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MMA Top 10 Heavyweights: Fedor's Fall Continues

Antonio Silva defeats Fedor Emelianenko in the Strikeforce heavyweight grand prix.From 2003 to 2009, Fedor Emelianenko was the No. 1 heavyweight in mixed martial arts. In 2010, he finally fell from the top spot.

In 2011, Fedor is only a marginal member of the Top 10.

On a two-fight losing streak, with neither of those fights even being competitive, Fedor has fallen a long, long way. That's not surprising: Fedor is, after all, a man in his mid-30s. Athletes in all sports decline in their mid-30s, and MMA is no different. And Fedor trains in seclusion, which means that as the sport grows and other fighters get better, Fedor isn't improving along with them.

So as we look at the Top 10 heavyweights in mixed martial arts, we'll see Fedor in a place we're not accustomed to seeing him.

(Editor's note: The individual fighter's ranking the last time we did heavyweights are in parentheses.)

1. Cain Velasquez (1): The UFC champ stays No. 1 as he continues to rehabilitate his surgically repaired shoulder. The big question is whether he can get back into the Octagon quickly enough to stay on top, or whether the division will pass him by and the Strikeforce tournament winner will emerge as the sport's No. 1 heavyweight.

2. Junior dos Santos (2): The hardest hitter in the heavyweight division will gain exposure to a big audience as a coach on The Ultimate Fighter, and he'll get his biggest fight yet when he takes on Brock Lesnar in June. Big things are coming for Cigano in 2011.

Brock Lesnar (3): Can Lesnar bounce back from his loss to Velasquez? I'm skeptical of his chances against dos Santos but impressed that he's agreed to take on such a dangerous opponent. He'll have to significantly improve his striking defense to beat dos Santos.

4. Shane Carwin (4): At age 36 and coming off back surgery, it's tough to see Carwin remaining a wrecking machine for much longer. But he's still 12-1 and has wrecked everyone he's faced in the first round, even if he couldn't quite finish the task of wrecking Lesnar.

5. Fabricio Werdum (5): With wins over Fedor, Antonio Silva and Alistair Overeem, Werdum certainly deserves to be viewed as the No. 1 heavyweight in Strikeforce. The problem for him, and for Strikeforce, is that dos Santos knocked Werdum right out of the UFC. So don't expect Werdum to leapfrog dos Santos in the rankings.

6. Antonio Silva (10): Bigfoot simply dominated Fedor in a way no one else ever has: I gave Bigfoot the first round 10-9 and the second round 10-8 before the doctor ruled that Fedor couldn't fight in the third. Part of the difference between them was the enormous size advantage Silva had, but don't overlook how much more technically proficient Silva was in the Brazilian jiu jitsu game. Unlike Fedor, Silva is constantly improving by training with world-class fighters. It showed in the cage.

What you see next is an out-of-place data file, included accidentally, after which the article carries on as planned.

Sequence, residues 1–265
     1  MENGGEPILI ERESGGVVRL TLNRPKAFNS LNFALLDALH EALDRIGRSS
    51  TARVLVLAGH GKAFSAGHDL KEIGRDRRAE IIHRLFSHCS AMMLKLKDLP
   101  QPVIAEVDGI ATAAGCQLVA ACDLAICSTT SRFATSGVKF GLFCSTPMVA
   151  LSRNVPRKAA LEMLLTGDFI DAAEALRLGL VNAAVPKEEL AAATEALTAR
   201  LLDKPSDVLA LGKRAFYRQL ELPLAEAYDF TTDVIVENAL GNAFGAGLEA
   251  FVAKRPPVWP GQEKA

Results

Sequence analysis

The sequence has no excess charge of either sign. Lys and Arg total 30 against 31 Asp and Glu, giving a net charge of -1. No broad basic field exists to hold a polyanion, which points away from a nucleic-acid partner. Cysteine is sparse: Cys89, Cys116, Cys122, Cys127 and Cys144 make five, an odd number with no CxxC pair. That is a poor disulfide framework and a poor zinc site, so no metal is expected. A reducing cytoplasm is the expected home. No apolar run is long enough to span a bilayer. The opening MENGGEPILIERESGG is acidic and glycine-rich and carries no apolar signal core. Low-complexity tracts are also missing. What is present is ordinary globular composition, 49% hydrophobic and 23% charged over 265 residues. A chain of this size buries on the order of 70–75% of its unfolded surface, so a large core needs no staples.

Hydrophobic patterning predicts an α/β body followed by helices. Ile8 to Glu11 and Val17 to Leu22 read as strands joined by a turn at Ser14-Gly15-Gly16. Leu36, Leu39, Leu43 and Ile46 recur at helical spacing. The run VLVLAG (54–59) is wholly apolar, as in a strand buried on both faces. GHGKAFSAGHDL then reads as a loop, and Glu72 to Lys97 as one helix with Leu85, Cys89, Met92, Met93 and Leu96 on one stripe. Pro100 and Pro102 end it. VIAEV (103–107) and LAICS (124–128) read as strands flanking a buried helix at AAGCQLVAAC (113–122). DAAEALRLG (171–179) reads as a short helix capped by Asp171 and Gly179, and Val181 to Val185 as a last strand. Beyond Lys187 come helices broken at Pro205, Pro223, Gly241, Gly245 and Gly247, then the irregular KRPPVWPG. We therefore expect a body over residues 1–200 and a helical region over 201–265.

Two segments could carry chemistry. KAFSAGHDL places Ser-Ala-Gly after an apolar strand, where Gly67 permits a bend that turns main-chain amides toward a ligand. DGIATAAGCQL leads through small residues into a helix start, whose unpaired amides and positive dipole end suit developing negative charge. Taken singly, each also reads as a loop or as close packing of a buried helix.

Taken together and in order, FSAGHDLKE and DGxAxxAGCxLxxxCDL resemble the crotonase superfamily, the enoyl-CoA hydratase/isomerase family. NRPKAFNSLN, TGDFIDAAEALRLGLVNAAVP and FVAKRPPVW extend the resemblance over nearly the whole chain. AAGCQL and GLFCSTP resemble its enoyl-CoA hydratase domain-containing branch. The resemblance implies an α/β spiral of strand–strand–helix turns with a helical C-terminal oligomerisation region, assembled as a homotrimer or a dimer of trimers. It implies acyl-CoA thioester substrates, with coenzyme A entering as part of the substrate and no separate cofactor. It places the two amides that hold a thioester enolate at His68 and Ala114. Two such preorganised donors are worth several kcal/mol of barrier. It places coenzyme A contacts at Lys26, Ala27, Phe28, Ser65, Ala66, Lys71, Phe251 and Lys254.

7. Alistair Overeem (7): The Strikeforce heavyweight champion is the favorite to win the whole tournament. Reaching the final would entail wins over both Werdum and Silva, and that alone would be enough to put him in the conversation for No. 1 heavyweight in MMA, although I'd have a tough time putting him ahead of Velasquez or the dos Santos/Lesnar winner.

8. Frank Mir (8): Mir's upcoming bout with Roy Nelson will determine who's next in the UFC's heavyweight division after the Big 4 of Velasquez, dos Santos, Lesnar and Carwin. It's tough to see Mir beating any of those four, but he's the gatekeeper for heavyweights who want to get to that level.

9. Fedor Emelianenko (6): It feels strange to put Fedor so far down the list, but that's what happens when you go 0-2 over a 15-month stretch, as Fedor has done over the last 15 months. When the folks at Strikeforce signed Fedor in the summer of 2009, I don't think they would have believed it if you had told them that in 2011, Fedor would be 1-2 in the Strikeforce cage, with a win over Brett Rogers and losses to Werdum and Bigfoot. This sport changes quickly.

10. Antonio Rodrigo Nogueira (9): The heavyweight division is thin enough, and Nogueira has accomplished enough, that I'll keep him in the Top 10 for now even though he hasn't fought in a year and has only won once in three years. Soon Nogueira will need to be replaced, although it's a pretty thin herd of heavyweights below him: Maybe the winner of the March fight between Brendan Schaub and Mirko Cro Cop will move into the Top 10, or maybe the winner of the April fight between Josh Barnett and Brett Rogers, or maybe Nelson will beat Mir and earn a Top 10 spot. But at the moment, Nogueira remains Top 10 by default.

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